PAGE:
At the risk of sounding erotophobic....

Yes, let me start by admitting to my own erotophobia. My fear of sex does not manifest itself as fear of people having sex, but rather it's the fear of discussing it. I don't like to write about sex too much, because it's contentious, and it's very easy to be misunderstood. Talking about sex is like talking about politics or religion, except the penalties are worse. For starters, my blog can get blocked if I get too graphic. Because I know that my sexual opinions don't suit the tastes of some of the readers, I figure, why bother stirring stuff up? Plus, I'm kind of a fanatic about privacy, and I consider sex to be a very private thing. So I tend to leave my discussions of sex at the theoretical level. I'm not interested in turning my readers on or off, and this is not a sex blog. I'm not especially interested in reading about other people's sex lives, and I'm really not interested in having people read about mine. It's undignified, and at heart I'm kind of prudish. But that's just me, and has nothing to do with my belief in maximum sexual freedom. (Similarly, I'm 100% in favor of relegalizing all drugs, but I don't take any drugs; not even pot. If I did, I would consider it similarly irrelevant.)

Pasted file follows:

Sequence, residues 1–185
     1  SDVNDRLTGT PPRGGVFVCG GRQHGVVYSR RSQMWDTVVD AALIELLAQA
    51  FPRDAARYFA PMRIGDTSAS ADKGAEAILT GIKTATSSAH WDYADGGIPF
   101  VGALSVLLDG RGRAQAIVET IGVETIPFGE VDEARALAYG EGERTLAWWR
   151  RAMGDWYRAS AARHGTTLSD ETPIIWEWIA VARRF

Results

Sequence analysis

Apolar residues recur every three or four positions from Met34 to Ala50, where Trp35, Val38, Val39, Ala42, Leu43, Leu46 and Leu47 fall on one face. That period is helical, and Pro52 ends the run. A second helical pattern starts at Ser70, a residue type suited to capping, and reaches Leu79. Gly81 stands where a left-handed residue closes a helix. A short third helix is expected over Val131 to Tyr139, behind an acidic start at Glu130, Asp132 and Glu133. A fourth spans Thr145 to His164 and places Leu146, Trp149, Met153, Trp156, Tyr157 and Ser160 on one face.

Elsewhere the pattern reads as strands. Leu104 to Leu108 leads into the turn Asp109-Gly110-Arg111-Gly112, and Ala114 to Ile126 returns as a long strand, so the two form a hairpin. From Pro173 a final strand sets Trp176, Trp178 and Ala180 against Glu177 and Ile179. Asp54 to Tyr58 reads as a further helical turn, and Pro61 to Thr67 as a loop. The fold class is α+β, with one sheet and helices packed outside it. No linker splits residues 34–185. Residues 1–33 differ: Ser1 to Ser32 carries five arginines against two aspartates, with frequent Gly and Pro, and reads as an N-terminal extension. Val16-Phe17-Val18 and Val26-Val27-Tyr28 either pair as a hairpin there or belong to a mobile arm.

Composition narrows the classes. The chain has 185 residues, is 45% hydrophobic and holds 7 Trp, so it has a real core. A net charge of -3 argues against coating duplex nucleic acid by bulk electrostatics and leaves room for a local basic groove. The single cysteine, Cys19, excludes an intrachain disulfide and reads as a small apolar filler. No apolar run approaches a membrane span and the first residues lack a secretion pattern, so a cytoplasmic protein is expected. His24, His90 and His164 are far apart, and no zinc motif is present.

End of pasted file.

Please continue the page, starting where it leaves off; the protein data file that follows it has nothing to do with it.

Susie Bright and Jessica Cutler are sexually very outspoken people, who take pride in celebrating their sexual freedom, in a public manner. Why they are on the left, I am not entirely sure. I would like to think that people who support socialism and nanny state politics do so because they truly believe in these things and not because of emotional responses to perceived "erotophobia" on the right. But I think it's a topic which needs discussing.

This morning, Glenn Reynolds linked a fascinating interview of Jessica Cutler by Susie Bright. I wanted to focus in on their discussion of one of the most extreme expressions of sexual freedom, which is having sex in exchange for money: